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Discovering Crete
Greece’s Largest and Most Impressive Isle

Our flight cleared the Iraklio airport, heading northwest towards Athens in continuation of our Greek Islands holidays. As we enjoyed our last views of Crete, I queried my wife, Rita, for a one-word summary of Greek's largest island. She didn't ponder. "Unique!! There are so many images of Crete racing through my mind... all of those images are truly UNIQUE!" I viewed the snow-capped peaks, rugged coastline and crystalline sea, and thought of the Minoan and Venetian sites we'd visited and the interesting people we'd met - fishermen, farmers, weavers, clerics, and villagers. "Unique," I agreed, realizing there was no more fitting word to describe our week of Cretan explorations.

Vrondisi Monastery

Goat in Rouvas Gorge

Farmwoman of Lasithi Plateau

Enthralling History

Crete is one of the rare places on our planet with historical sites dating back more than 4,000 years. The ancient civilization was coined "Minoan" after King Minos who resided over the island in approximately 2500 B.C. His palace, Knossos, was fabled for its labyrinth and mythical Minotaur, half man - half bull. British archaeologist Arthur Evans excavated the site in the early 1900s, and he took the liberty of reconstructing part of the multi-storied structure. It contains numerous relics including mosaic floors, murals, columns, and storage rooms with large urns. My wife and I gladly spent most of a day touring the huge complex, definitely the most complete of Crete’s Minoan establishments. We also visited the Minoan sites of Gournia and Festos. The latter sits atop a beautiful hill with views of a lush valley and the Psiloritis Mountains towering to the north. Many of the original artifacts of Crete’s Minoan sites are on display in the archaeological museum in the capital city of Iraklio. [The museum is currently being refurbished, with reopening scheduled for 2009].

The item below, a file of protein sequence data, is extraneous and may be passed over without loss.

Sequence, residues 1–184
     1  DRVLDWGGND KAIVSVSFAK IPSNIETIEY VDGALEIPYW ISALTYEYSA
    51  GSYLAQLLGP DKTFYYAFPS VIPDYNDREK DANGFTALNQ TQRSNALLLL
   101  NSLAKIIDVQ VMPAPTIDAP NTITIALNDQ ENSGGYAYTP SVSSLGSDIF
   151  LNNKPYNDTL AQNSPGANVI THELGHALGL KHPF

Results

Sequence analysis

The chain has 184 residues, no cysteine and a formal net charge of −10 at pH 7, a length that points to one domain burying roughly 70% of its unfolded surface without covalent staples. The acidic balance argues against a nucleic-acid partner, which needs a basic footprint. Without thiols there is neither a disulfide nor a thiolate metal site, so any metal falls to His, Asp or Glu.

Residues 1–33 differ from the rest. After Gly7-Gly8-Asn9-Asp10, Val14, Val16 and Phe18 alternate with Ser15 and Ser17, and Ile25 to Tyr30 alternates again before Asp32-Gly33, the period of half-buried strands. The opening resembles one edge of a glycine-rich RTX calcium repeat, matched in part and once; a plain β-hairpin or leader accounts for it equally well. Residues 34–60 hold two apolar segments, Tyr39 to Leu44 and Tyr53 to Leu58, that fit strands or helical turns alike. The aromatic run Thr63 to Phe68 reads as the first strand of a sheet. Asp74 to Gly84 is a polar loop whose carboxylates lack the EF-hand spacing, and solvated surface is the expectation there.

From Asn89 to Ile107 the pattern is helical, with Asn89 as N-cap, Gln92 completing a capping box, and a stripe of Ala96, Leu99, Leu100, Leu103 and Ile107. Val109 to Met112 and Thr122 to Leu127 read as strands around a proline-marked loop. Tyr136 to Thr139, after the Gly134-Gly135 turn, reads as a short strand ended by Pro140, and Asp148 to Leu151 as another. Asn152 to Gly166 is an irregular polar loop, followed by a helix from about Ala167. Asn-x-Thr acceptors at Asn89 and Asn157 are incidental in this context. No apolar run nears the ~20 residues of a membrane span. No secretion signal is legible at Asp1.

Minoan site of Festos

Mural of Knossos

Venetian Fort over Iraklio’s Harbor


Crete’s capital was definitely worth our daylong visit due to its Venetian fort and network of streets dating from the 1200s to the 1600s. Iraklio today bustles with the activity of shoppers and office-workers while proudly displaying its history. Although the Ottomans overtook the city in 1669, the city still reflects its Venetian heritage: the central squares lined with cafes sport sparkling centuries-old fountains; the fort, with seven bastions and 40-foot-thick walls, sits formidably guarding the beautiful inner harbor.

Elounda – The Perfect Vacation Spot